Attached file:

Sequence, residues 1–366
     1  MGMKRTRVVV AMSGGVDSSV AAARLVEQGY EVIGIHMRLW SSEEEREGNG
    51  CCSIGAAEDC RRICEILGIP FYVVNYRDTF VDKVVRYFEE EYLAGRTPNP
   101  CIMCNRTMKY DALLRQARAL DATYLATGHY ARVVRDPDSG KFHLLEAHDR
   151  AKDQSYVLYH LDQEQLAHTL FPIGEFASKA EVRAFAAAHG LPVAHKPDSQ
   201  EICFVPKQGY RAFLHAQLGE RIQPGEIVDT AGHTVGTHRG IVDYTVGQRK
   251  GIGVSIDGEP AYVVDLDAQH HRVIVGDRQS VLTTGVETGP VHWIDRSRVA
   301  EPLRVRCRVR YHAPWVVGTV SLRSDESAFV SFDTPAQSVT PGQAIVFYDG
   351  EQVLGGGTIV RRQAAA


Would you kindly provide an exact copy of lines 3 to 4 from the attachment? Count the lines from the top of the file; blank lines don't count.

    51  CCSIGAAEDC RRICEILGIP FYVVNYRDTF VDKVVRYFEE EYLAGRTPNP
   101  CIMCNRTMKY DALLRQARAL DATYLATGHY ARVVRDPDSG KFHLLEAHDR